Colonial urban landscapes illuminate some of the most fundamental tensions within the discipline of landscape architecture. When we discuss and criticize urban landscapes, we commonly maintain that they are designed and realized as spatial and material harbingers of positive experiential, social, and economic change. They bring open space and air to the city; they introduce green and urban nature; they offer spaces for leisure, relaxation, or even food production. From this perspective, landscape designs are sometimes even considered prime loci of modernization and development, as well as sites of acculturation and emancipation where newcomers to the city are confronted with urban mores and practices.

Colonial urban landscapes, however, also rather explicitly reveal another set of characteristics of landscape architecture which are far less emancipatory and can more aptly be described as ‘confirmative’ and ‘limiting’. They illustrate how landscape design can also have the capacity to firmly locate, restrict and even divide citizens.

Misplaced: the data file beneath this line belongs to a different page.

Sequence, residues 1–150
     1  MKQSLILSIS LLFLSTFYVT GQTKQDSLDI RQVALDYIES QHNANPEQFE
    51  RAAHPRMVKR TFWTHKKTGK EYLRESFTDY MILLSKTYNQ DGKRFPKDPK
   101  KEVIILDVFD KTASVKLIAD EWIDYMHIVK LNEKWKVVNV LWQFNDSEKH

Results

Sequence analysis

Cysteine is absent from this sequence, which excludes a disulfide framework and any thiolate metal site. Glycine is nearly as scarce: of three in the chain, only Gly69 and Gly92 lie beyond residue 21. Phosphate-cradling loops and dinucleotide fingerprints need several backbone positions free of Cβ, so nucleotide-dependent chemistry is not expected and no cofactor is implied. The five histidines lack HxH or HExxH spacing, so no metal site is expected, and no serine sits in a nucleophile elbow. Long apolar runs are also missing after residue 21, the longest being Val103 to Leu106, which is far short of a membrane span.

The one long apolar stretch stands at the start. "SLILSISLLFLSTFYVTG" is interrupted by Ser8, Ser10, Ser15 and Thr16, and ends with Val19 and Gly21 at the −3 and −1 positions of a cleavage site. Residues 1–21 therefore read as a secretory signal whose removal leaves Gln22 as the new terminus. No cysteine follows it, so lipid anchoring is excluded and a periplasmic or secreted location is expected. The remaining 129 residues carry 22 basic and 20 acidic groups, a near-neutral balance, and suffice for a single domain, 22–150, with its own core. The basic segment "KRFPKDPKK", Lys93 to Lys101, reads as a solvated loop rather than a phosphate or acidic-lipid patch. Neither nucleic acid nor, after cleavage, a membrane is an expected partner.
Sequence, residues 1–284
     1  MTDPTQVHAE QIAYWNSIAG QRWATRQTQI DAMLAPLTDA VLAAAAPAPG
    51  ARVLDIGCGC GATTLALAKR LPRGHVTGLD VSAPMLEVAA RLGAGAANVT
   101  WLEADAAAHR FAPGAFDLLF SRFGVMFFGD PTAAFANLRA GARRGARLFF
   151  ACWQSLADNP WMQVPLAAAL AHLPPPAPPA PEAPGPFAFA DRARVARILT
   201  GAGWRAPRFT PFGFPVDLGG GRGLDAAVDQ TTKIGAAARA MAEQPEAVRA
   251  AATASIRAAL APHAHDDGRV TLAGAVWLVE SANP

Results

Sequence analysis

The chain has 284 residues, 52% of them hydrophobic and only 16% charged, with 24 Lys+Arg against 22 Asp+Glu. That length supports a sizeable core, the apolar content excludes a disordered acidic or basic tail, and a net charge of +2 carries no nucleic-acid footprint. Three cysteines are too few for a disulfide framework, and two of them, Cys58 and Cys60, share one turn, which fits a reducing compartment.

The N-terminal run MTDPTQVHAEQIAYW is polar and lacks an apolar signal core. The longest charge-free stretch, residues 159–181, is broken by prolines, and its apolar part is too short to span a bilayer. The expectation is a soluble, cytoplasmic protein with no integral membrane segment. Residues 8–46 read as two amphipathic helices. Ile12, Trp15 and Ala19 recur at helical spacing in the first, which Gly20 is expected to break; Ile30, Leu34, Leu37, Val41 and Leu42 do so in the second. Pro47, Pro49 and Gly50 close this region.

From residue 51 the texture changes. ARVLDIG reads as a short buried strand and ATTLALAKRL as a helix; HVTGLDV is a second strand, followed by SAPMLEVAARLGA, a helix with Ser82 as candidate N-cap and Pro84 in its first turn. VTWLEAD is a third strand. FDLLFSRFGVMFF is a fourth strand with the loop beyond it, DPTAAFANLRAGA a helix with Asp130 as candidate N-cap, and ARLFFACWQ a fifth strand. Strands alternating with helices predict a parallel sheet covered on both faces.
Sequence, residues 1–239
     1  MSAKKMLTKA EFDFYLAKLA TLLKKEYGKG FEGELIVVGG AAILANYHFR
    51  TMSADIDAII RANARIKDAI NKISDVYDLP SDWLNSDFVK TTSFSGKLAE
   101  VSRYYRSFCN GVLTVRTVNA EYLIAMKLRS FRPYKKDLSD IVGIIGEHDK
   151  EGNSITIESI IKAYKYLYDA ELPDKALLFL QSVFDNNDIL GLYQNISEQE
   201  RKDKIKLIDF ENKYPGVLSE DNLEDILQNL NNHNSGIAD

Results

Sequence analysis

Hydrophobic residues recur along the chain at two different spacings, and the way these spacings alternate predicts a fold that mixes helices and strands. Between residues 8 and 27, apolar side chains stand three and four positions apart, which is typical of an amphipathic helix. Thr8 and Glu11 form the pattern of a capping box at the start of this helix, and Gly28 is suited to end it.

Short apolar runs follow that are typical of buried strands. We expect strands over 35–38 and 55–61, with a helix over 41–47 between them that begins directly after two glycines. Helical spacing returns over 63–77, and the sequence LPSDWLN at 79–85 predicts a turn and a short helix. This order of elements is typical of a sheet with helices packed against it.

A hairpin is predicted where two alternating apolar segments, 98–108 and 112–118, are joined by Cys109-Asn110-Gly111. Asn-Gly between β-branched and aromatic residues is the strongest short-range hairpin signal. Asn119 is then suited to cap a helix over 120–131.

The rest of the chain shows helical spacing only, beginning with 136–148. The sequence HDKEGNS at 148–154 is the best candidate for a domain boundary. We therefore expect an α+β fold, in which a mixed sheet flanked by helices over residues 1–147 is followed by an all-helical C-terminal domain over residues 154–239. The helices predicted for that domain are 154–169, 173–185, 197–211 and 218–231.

This chapter maintains that these colonial conditions bring to the surface one of the most fundamental paradoxes of the discipline: urban landscapes have the power to create new social and cultural possibilities, but they simultaneously sustain the capacity to restrict or negate social and cultural practices. This paradoxical condition requires us to rethink the very premises and perspectives from which we analyse urban landscapes, and more particularly how we conceive of their reciprocal relations to political, social and cultural practices. In this chapter, French colonial planning offers a point of departure from which to reflect upon this paradoxical capacity of urban landscapes, and more specifically on the methods and theories we use to approach it.